Portrait of alienation

Pema Tseden talks about Tharlo.

by Amber Wilkinson

Shide Nyima in Tharlo: 'When I gave the screenplay to him, he was fascinated because it was a challenge for him and the first time that he was going to have this kind of role.'
Shide Nyima in Tharlo: 'When I gave the screenplay to him, he was fascinated because it was a challenge for him and the first time that he was going to have this kind of role.'
Tibetan director Pema Tseden adapted his own novella into Tharlo - the story of a Tibetan shepherd. Shot in black and white, the film looks at Tharlo's identity in crises, a situation sparked by a chance meeting with a young hairdresser who seems to offer the shepherd a way out of his loneliness. We caught up with Tseden after the film's world premiere in the Orrizzonti section at Venice Film Festival (it is also currently online to watch at Sala Web)

Yangshik Tso and Pema Tseden in Venice for the world premiere of Tharlo
Yangshik Tso and Pema Tseden in Venice for the world premiere of Tharlo Photo: Anne-Sophie Lehec
AW: Can we talk about the tension in the film between the central character's incredible memory for chunks of Mao Zedung but the fact that he's forgetting things in the everyday? By the end he's almost forgotten his sense of self.

PT: The idea came from personal experience. Where I live, in Qinghai [in the north of] Tibet, there are many people like this character. He is over 40 years old, so these people have been through the Cultural Revolution, so when they were young they had to memorise Mao Zedong speeches and other Communist party slogans but actually they didn't understand the stuff - they were just memorising by rote. Now after so many years there is a completely different social environment, these people they can still remember all the slogans and rhetoric from the red book but they are alienated from modern society. So I had the idea to use this sort of person, who is quite common in this area, to represent this alienation.

AW: He almost embraces his own tragedy, he seems to sense the girl may not be such a good girl.

PT: It's more a matter of love and loneliness. Even if he has a feeling that the girl isn't an angel, because of his loneliness and need of a woman, he decides to go back.

AW: The use of the black and white emphasises his isolation as does the way you sometimes shoot at one remove from the character, maybe with him reflected in mirrors.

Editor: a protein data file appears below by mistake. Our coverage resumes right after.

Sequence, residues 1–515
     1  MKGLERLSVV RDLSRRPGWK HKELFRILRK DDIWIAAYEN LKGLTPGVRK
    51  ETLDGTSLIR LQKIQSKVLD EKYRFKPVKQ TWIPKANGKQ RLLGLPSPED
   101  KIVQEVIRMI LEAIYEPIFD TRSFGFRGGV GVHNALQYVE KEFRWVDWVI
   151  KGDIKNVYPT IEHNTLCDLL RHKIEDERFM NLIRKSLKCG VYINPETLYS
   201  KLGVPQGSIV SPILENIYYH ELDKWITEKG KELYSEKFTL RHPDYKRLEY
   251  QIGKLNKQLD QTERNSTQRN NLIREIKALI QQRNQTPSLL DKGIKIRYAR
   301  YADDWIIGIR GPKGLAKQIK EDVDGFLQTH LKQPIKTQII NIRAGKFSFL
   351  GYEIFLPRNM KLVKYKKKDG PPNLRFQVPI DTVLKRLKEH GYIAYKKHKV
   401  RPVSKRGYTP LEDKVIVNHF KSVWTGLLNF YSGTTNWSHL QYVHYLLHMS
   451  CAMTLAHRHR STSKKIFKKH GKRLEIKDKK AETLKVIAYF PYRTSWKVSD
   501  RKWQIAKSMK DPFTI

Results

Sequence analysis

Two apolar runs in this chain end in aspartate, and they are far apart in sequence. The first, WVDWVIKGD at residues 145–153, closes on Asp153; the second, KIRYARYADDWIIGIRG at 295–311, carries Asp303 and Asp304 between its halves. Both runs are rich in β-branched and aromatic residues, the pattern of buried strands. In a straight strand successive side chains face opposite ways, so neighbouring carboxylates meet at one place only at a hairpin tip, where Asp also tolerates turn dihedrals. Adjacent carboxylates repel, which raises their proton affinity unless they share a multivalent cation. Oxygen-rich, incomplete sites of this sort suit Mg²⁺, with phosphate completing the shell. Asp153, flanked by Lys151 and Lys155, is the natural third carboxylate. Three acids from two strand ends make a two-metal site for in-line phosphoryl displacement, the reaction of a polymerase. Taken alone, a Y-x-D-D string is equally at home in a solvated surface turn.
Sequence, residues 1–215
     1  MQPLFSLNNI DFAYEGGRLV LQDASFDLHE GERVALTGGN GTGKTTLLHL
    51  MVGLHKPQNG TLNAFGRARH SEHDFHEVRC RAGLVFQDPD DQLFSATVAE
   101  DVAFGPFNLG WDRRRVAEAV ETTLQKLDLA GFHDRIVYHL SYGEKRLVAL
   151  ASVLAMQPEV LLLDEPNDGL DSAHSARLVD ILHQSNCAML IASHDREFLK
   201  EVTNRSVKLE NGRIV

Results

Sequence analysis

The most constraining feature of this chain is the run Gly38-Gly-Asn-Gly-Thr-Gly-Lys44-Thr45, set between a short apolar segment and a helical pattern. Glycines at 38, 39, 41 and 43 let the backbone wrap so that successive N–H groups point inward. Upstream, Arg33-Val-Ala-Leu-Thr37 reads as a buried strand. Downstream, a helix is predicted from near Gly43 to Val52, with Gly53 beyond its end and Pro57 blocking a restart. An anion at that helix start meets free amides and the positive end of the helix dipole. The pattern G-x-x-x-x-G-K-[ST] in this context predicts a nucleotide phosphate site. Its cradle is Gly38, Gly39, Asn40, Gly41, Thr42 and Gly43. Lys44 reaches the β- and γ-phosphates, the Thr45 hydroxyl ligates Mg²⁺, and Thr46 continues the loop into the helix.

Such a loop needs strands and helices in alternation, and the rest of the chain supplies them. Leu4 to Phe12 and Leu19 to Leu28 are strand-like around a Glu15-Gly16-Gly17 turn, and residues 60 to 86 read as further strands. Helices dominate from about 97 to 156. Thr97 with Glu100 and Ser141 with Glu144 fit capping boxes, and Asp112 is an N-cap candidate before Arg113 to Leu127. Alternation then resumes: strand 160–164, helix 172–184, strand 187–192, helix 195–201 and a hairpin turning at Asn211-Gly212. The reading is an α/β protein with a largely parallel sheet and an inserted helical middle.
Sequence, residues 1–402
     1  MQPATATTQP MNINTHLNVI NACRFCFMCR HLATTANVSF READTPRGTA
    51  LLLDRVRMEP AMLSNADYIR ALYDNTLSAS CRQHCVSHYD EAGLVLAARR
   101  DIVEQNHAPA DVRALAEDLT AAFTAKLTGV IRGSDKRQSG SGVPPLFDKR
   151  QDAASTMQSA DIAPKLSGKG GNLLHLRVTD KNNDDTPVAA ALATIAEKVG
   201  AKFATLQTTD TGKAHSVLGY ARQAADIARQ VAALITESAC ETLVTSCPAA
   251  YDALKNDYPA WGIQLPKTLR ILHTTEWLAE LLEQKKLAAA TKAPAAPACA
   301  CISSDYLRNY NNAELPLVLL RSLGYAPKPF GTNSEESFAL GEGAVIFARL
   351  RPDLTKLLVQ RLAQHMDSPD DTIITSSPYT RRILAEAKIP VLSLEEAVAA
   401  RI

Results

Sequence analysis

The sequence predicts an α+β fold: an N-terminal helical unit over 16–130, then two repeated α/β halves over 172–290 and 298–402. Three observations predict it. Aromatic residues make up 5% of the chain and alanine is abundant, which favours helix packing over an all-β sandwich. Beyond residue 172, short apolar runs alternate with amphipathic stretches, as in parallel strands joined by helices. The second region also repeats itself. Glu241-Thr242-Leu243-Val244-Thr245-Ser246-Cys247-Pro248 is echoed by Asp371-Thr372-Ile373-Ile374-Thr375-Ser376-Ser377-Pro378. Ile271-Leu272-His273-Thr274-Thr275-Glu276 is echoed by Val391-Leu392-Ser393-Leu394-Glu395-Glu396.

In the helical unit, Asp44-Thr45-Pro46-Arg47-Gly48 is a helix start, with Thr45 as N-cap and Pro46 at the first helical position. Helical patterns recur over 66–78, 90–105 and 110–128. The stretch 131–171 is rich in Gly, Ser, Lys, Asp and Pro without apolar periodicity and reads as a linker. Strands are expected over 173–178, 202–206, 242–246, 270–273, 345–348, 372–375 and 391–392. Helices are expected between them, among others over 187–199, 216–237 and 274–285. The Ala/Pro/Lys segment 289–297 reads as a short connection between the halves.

Tharlo
Tharlo
PT: I wanted to use black and white to show the harsh loneliness of the main character and to be as simple as possible. I was thinking, if I used colour, it would look and feel too fake. Regarding the mirrors, the idea was mostly for the beauty salon shooting to show the fake relationship. He had a girl in his mind but the real girl was different.

AW: Can we talk about your star Shide Nyima and the fact that you got him to shave off his own, 17-year-old ponytail. Were you always intending to ask him to do that and how did it go?

PT: There is a little story behind this. First, as you know, Nyima is more famous as a comedian, expressing things with his body and more physical performances. So, when I gave the screenplay to him, he was fascinated because it was a challenge for him and the first time that he was going to have this kind of role. And he was impressed because he was surprised to be chosen. Then when I told him, "Do you see you have to shave your hair? Is that okay for you?" He said, "Well, let me think sleep on it and tell you tomorrow." In fact, it was the day after the next day when he called me back and said, "You know what, for art, I can do that."

AW: How important does you think it is to be portraying these sorts of Tibetan problems on screen and is it something you intend to keep exploring?

PT: First of all, it's important because I am Tibetan. And, because most people in the Western world don't know much about the country, I want to tell more about Tibet and the Tibetan people. I particularly want to tell the stories of the lowest class - the most cast off by society. I can use film as an artform to show this, especially to the Western world.

AW: Is it hard to strike a balance in order to avoid Chinese censorship?

PT: Yes, of course, there are censorship problems about making movies in Tibet and about Tibet. But there are topics that you can talk about, and that's what I've done in all my movies. It's a matter of choosing the right subject and then you can still sneak out and talk about Tibet. Although, of course it is a sensitive subject and you can't freely talk about everything that is happening in Tibet.

Read our interview with Yangshik Tso.

Tharlo is out in the UK now.

Watch the trailer:

Share this with others on...
News

Inside the London Korean Film Festival An in-depth look at this year's line-up

Circularity of the moments Luke Davies on co-scripting Felix van Groeningen's Beautiful Boy

Prison of life Sarah Marx talks about drama L'Enkas

An emotional journey Annemarie Jacir on fathers and sons in Wajib

All fired up Director Sameh Zoabi on politics and comedy in his satire Tel Aviv On Fire.

UK Jewish Film Festival launches programme Programme includes Philip Roth retrospective

Green Book wins top prize in Toronto If Beale Street Could Talk and Roma are runners-up

More news and features

The San Sebastian Film Festival opens this week, and we'll be bringing you all the latest news and reviews from there.



We're looking forward to the London Film Festival and the New York Film Festival.



We've recently been covering the Glasgow Youth Film Festival, the Venice Film Festival, London's Frightfest, and the Fantasia International Film Festival in Montreal.



Read our full for recent coverage.


Visit our festivals section.

Interact

Win a copy of Le Crime De Monsieur Langue, Jacques Rivette's The Nun and some great merchandise for The House With A Clock In Its Walls in our latest competitions.